Knipe v. Smithkline Beecham

Decision Date28 August 2008
Docket NumberCivil Action No. 06-3024.
Citation583 F.Supp.2d 553
PartiesMarion L. KNIPE, Individually and as Administratrix and Administratrix Ad Prosequendum of the Estate of Harold Stanley Jake Garrison, Deceased, and Harold L. Garrison, Jr., Individually, Plaintiffs, v. SMITHKLINE BEECHAM d/b/a GlaxoSmithKline, Defendant.
CourtU.S. District Court — Eastern District of Pennsylvania

Bijan Esfandiari, Frances M. Phares, George W. Murgatroyd, III, Kate E. Gillespie, Baum, Hedlund, Aristei & Goldman, PC, Los Angeles, CA, Cara Luther, Baum, Hedlund, Aristei, Goldman & Menzies, PC, Washington, DC, for Plaintiffs.

Andrew Thomas Bayman, Franklin P. Brannen, Jr., Heather M. Howard, Robert B. Friedman, S. Samuel Griffin, Todd P. Davis, King and Spalding, LLP., Atlanta, GA, Cindy K. Bennes, Peter D. Braun, Phillips Lytle, LLP, Robert E. Glanville, Phillips, Lytle, Hitchcock, Blaine & Huber, Thomas S. Wiswall, Buffalo, NY, Mark S. Brown, Washington, DC, Joseph E. O'Neil, Hing, Wilson, Adler & Cheng, P.C., Melissa R. Margulies, Lavin, O'Neil, Ricci, Cedrone & Disipio, Philadelphia, PA, for Defendant.


BUCKWALTER, Senior District Judge.

Currently pending before the Court is (1) Defendant GlaxoSmithKline's ("GSK"'s) Motion for Summary Judgment on the Grounds of Federal Preemption (Docket No. 60), (2) the Response of Plaintiffs Harold L. Garrison, Jr., individually, and Marion Knipe, individually and as administratrix and administratrix ad prosequendum of the Estate of Harold Stanley Jake Garrison (Doc. No. 98), (3) Defendant's Reply Brief (Doc. No. 120), and (4) Plaintiff's Sur-reply Brief (Doc. No. 137). In addition, the Court jointly considers Plaintiffs' Motion to Strike Evidence Submitted by GSK in Support of Its Motion for Summary Judgment (Federal Preemption) (Doc. No. 107) and Defendant's Response thereto (Doc. No. 117).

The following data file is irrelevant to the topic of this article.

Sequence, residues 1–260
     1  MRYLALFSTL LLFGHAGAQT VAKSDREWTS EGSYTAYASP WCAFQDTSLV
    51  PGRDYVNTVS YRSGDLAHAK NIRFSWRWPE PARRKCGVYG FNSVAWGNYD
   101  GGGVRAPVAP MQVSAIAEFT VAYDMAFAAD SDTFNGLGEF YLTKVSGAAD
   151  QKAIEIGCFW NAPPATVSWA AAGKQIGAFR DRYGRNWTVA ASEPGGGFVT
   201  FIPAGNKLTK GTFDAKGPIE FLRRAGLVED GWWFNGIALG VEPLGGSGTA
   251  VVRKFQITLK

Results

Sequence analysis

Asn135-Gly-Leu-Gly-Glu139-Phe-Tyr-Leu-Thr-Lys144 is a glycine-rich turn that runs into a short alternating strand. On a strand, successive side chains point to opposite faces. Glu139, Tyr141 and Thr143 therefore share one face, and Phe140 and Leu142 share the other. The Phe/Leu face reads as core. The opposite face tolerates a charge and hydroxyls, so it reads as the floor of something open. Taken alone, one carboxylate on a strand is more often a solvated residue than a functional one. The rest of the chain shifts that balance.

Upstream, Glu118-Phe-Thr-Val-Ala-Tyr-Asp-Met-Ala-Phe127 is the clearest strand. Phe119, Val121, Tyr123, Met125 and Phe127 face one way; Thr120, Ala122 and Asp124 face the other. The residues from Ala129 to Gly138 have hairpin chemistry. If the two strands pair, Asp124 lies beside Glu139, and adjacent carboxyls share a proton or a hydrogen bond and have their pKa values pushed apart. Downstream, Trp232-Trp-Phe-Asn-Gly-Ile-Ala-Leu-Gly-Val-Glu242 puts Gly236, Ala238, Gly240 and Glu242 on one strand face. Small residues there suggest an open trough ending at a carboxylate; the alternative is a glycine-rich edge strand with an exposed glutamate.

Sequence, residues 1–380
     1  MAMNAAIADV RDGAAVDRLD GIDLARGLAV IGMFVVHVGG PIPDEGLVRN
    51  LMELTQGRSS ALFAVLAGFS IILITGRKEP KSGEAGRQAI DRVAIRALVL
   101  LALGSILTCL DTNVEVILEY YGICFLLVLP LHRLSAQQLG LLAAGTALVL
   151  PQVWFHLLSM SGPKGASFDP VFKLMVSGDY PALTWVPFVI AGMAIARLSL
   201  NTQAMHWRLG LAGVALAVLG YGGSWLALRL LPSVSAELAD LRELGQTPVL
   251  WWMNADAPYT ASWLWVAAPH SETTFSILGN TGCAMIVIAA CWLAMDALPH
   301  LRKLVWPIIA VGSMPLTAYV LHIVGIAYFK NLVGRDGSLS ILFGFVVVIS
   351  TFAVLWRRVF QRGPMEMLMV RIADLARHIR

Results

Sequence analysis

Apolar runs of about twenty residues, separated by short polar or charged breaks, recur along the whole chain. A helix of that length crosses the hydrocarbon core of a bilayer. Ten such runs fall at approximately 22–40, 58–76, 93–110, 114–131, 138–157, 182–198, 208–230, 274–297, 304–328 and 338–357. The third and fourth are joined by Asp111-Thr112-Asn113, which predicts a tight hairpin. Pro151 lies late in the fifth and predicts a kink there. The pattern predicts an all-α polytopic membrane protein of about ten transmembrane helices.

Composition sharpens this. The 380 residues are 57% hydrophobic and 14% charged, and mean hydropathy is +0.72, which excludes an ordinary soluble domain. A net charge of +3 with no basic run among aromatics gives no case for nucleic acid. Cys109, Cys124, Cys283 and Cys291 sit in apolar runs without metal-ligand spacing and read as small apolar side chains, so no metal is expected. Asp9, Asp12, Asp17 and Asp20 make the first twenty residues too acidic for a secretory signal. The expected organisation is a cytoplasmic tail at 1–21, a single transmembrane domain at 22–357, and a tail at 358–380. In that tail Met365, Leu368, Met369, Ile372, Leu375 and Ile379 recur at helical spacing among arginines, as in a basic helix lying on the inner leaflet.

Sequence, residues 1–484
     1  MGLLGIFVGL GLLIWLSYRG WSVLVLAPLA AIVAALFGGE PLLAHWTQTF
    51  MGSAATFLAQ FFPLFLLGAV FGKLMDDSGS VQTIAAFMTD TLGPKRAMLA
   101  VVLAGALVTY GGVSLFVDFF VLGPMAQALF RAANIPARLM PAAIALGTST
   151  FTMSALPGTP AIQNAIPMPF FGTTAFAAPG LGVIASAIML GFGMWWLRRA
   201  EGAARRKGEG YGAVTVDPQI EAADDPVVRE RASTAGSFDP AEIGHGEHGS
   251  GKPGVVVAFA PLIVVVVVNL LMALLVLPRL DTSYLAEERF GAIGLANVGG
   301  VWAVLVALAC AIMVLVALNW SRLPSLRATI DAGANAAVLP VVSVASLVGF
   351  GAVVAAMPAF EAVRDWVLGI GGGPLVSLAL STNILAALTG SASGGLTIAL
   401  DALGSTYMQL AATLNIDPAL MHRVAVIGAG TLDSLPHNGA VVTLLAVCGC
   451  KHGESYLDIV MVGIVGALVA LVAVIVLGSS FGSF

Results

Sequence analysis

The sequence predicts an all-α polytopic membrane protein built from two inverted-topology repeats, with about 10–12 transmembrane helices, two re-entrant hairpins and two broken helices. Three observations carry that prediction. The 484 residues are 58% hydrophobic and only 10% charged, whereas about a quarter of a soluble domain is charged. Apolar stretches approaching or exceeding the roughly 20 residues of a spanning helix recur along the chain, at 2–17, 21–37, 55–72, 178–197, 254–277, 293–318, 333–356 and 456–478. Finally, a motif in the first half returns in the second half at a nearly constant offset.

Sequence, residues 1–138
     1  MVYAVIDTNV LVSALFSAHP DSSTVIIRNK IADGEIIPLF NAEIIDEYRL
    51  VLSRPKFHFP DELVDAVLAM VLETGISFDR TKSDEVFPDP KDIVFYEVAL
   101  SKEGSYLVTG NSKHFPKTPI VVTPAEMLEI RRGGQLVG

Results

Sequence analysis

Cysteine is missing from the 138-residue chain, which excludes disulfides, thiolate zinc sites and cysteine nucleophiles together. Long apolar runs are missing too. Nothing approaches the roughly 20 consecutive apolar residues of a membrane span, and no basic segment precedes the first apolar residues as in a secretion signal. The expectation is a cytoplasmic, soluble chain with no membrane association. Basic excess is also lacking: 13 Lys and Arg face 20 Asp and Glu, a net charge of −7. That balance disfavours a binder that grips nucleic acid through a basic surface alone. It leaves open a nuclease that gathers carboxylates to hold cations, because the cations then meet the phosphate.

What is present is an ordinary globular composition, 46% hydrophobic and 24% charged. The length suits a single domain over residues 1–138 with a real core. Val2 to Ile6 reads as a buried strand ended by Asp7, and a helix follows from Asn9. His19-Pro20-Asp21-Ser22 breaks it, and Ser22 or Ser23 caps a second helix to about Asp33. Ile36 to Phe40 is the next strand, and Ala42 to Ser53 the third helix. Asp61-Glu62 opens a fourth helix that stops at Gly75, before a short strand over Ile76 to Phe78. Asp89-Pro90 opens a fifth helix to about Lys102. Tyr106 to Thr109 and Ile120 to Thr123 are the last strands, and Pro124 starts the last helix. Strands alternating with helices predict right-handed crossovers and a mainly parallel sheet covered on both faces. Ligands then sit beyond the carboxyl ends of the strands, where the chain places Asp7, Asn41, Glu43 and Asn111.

This litigation commenced on July 10, 2006, when Plaintiffs sued Defendant for the wrongful death of sixteen-year old Harold Stanley Jake Garrison ("Jake"), who committed suicide after taking Paxil, an antidepressant medication manufactured and sold by GSK. The core of Plaintiffs' claims alleges that GSK breached its state law duty to warn of the increased risk of suicide in pediatric patients as a result of taking the drug. Defendant now contends that Plaintiffs' state tort claims are preempted by federal law, i.e. the Federal Food, Drug and Cosmetic Act ("FDCA"), 21 U.S.C. § 301 et seq. and its implementing regulations, due to a direct and actual conflict between state and federal law. For the following reasons, the Court denies the motion in its entirety.

A. Jake Garrison's Suicide

In February 2001, deceased Plaintiff Jake Garrison ("Jake") was referred to dermatologist Booth Durham, M.D., for the treatment of acne. (Pls.' Ex. 153, Durham Dep. 11:8-17:8, Sep. 5, 2007.) Originally, Dr. Durham treated Jake with Accutane. Id. In light of the drug's labeling, the doctor informed Jake and his mother that the drug could cause suicidal behavior, and required them to sign a consent form. (Id.) The Accutane course of treatment was completed in August or September of 2001. (Id. at 21:13-22:2.)

On January 10, 2002, Jake, who was fifteen years old at the time, returned to Dr. Durham as a result of redness and irritation on his face. (Id. at 22:3-23:12.) Dr. Durham prescribed to Jake a fifteen-day supply of Paxil ten milligrams for treatment of his body dysmorphic disorder.2 (Id. at 23:12-25:21.) The dosage was increased to twenty milligrams after two weeks. (Id. at 25:16-25:21.) At that time, the label for Paxil contained the following statement in the "PRECAUTIONS" section:

Suicide: The possibility of a suicide attempt is inherent in depression and may persist until significant remission occurs. Close supervision of high-risk patients should accompany initial drug therapy. Precautions for Paxil should be written for the smallest quantity of tablets consistent with good patient management, in order to reduce the risk of overdose.

(Plaintiffs' Statement of Undisputed Facts ("PSUF") ¶ 23, Ex. 35 at 1610.) The 2002 label also included, in a section entitled "Other events Observed During the Pre-marketing Evaluation of Paxil" (under the sub-heading "Nervous System"), the adverse reaction of "emotional lability," which was identified as a "frequent event." (Id. ¶ 24, Ex. 35 at 1614.) Under the section entitled "Pediatric Use," the label stated, "Safety and effectiveness in the pediatric population have not been established." (Id. ¶ 25, Ex. 25 at 1611.)

Jake refilled a thirty-day prescription for Paxil twenty milligrams, on January 27, 2002, and another thirty-day supply for Paxil twenty milligrams on April 8, 2002. (Pls' Resp., Objections and Evid. in Response to GSK's "Statement of Undisputed Facts" in Support of Mot. Summ. J. on Fed. Preemp. ("Plaintiffs' Objections") ¶ 1, Exs. 146, 147.) Thereafter, for unknown reasons, Jake stopped taking Paxil. (Id.) On September 11, 2002, Jake refilled another Paxil twenty milligram prescription and took the medication for three days. (Id.) On September 14, 2002, Jake committed suicide by gunshot. (PSUF ¶ 27, Ex. 38.)